North Lanarkshire Council is reaping the benefits of a new self-service data matching and cleansing tool provided free of charge to councils by the Improvement Service (IS).
The Data Hub, part of Digital Public Services, can analyse multiple data sources and produce data analysis reports for partner organisations. The aim of the service is to assist organisations in identifying the most accurate and up-to-date addresses and person records for their customers.
It was originally created to help councils with data verification around the National Entitlement Card (NEC) replacement programme in 2016. That programme saw 31 Scottish councils use the service to verify addresses for around one million card customers. The project was so successful it won the ‘Big Data/Analytics Project of the Year Award’ at the 2017 UK IT Industry Awards and the ‘Excellence in Technology and Innovation’ award at the Scottish Transport Awards.
Since the NEC project, the Data Hub has been further developed to help councils to keep their customer data up-to-date using an online, self-service tool.
It’s time-saving. We have control of our own processes and I can do it when it suits us. We can format it ourselves and run it as many times as we want.
After using the Data Hub during the NEC project, North Lanarkshire Council (NLC) was quick to see how it could help it improve internal data quality and have practical applications.
Anne McLellan is Data Custodian at the council and has most recently used the Data Hub to ensure they don’t cause distress by sending letters to customers who are deceased. “We’re preparing to send out letters about free school meals and clothing grants. We really don’t want to send a letter to someone whose child has died.”
This involves taking the service’s own data set and seeding it with Unique Customer Reference Numbers (UCRNs) from the Data Hub. The data set is then compared to the NHSCR to get a ‘date of death’ for anyone who has passed away.
For free school meals, that meant matching around 10,000 data rows. “Around 90% of them are matched but there are always unmatched, particularly with children—their names change or are misspelt. We send away to NHSCR and they provide results back”, says Anne.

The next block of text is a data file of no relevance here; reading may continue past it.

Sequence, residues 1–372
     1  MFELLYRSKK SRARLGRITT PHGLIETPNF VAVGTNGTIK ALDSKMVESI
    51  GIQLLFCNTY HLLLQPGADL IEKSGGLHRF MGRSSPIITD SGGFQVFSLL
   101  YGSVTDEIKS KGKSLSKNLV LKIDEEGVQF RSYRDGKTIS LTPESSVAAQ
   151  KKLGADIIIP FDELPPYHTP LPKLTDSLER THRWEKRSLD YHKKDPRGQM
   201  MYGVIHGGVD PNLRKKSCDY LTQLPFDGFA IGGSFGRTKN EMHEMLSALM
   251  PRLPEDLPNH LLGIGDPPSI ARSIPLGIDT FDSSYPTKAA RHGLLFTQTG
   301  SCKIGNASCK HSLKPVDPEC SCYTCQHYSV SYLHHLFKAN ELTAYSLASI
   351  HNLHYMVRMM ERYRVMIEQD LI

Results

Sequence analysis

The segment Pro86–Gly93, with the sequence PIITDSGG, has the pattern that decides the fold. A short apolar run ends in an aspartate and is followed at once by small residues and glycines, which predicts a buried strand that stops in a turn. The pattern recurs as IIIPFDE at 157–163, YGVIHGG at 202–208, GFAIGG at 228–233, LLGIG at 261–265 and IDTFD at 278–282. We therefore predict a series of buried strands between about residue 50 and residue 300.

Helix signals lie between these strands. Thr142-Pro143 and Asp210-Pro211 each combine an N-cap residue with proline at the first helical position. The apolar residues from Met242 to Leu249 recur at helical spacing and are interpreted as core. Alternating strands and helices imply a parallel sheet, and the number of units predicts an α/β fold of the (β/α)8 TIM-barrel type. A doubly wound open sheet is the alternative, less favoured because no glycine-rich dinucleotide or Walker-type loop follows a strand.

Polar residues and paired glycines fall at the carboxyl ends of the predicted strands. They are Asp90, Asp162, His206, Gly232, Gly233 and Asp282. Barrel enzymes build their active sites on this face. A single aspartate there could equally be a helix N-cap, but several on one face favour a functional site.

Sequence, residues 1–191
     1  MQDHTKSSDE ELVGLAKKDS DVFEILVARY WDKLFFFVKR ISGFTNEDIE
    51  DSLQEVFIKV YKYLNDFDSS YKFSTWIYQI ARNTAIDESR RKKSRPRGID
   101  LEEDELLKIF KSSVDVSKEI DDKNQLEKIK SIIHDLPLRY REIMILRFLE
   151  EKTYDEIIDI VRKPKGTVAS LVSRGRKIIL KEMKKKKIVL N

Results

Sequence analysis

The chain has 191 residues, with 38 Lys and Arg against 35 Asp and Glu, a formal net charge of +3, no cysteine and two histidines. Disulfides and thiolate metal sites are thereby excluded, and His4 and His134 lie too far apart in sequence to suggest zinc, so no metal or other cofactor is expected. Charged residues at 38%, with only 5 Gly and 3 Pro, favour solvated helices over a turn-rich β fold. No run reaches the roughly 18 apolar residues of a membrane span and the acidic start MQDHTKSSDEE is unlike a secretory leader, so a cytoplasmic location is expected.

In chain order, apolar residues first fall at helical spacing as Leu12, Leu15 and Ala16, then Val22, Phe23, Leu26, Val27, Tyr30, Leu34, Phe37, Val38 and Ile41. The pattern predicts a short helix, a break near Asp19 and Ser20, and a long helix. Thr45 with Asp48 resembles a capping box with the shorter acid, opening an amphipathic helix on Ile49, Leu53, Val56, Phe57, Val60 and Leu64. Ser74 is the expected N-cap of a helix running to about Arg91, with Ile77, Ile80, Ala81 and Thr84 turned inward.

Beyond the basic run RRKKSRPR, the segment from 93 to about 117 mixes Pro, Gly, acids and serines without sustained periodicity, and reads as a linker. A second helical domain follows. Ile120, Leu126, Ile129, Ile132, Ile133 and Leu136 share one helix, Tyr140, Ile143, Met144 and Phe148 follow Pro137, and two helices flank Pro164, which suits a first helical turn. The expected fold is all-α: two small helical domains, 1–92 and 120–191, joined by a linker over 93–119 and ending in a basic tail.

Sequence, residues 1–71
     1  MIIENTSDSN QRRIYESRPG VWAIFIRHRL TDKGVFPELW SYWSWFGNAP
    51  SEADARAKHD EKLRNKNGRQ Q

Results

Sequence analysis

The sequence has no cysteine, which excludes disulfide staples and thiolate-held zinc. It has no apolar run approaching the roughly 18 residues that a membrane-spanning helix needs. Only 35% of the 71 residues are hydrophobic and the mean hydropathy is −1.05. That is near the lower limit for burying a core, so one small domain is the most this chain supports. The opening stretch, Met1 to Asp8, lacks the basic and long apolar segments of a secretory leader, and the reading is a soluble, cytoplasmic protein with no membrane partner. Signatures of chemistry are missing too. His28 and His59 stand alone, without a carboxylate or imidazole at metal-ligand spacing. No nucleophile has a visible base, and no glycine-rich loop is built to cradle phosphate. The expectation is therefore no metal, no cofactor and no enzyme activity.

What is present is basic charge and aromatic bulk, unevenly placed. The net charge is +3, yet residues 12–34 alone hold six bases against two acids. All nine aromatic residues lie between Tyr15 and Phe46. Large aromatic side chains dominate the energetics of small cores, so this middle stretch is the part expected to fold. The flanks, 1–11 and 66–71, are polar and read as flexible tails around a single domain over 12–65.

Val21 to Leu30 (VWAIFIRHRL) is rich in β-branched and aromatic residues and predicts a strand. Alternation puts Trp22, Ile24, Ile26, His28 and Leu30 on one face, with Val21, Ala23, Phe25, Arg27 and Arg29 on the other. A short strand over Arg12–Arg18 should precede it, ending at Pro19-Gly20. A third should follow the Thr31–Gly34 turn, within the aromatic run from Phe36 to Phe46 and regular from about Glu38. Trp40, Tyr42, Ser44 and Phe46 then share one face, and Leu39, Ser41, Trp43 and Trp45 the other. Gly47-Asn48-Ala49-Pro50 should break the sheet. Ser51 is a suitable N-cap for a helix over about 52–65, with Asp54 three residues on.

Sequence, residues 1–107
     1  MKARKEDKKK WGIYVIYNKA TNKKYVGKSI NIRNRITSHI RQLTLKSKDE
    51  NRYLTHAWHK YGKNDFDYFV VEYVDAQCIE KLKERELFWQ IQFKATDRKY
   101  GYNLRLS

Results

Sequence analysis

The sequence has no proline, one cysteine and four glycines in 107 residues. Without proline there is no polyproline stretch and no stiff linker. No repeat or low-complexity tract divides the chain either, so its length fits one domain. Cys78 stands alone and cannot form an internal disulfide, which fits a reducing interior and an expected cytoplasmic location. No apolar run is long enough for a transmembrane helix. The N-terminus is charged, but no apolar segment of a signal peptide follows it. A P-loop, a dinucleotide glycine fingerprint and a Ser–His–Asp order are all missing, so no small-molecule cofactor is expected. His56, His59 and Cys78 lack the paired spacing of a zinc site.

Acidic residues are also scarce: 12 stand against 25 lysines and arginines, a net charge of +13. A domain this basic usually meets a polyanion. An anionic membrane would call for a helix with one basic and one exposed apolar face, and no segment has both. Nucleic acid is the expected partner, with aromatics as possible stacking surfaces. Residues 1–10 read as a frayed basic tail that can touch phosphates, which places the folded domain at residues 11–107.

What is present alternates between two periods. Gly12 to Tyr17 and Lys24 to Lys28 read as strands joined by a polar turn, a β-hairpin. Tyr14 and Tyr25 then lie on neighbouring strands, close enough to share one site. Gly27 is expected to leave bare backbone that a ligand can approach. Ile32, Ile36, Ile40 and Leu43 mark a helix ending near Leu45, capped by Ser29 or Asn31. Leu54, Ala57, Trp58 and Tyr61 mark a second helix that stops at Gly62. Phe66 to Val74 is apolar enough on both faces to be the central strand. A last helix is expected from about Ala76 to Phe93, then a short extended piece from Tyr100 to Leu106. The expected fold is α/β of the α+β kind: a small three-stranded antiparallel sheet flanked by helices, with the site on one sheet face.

Anne’s colleagues in NLC Education also used Data Hub to improve their customer SEEMiS address data ahead of going live with the new parentsportal.scot, another Improvement Service product. Address data was cleansed and seeded with Unique Property Reference Numbers (UPRNs), enabling data to match up during the registration process.
The council uses this matching process to enhance its own data too. Like many councils, North Lanarkshire holds customer records across many systems; in its case there are separate systems for social work, council tax, blue badges, CRM, Scottish Welfare Fund and the NEC. Each system can hold slightly different data or have gaps. The Data Hub not only highlights matched and unmatched data but formats all records to Corporate Address Gazetteer (CAG) standards and can provide UPRNs and UCRNs for each one.
Anne uses the Data Hub to match the data in the disparate systems, then the edit function to fill in the gaps in each one, e.g. adding a date of birth to data sets where it is missing. It’s a key part of the council’s quest to create a ‘Master Citizen Record’ for all council customers.
The provision of UCRNs is also valuable to the council “to ensure that these are unique people” but also to speed up matching from other systems for ongoing maintenance. “We get notifications from myaccount but they all need UCRNs to ensure they match”, explains Anne.
Although North Lanarkshire Council has worked with the Improvement Service on data matching for several years, the matching was always done by the IS on behalf of the council. The big advantage of the new Data Hub, says Anne, is the self-service aspect. “It’s a definite improvement for us and it has helped us no end to be able to do this ourselves.
“It’s time-saving. We have control of our own processes and I can do it when it suits us. We can format it ourselves and run it as many times as we want.”
The main problem is keeping up with the demand from council services: “Once everyone knows, they all want to put their data through it!”
Anne now intends to use the Data Hub to cleanse data before entering it into the council’s systems. “I can see myself using it in the near future to put data through before we take it into our system, especially with large data sets.”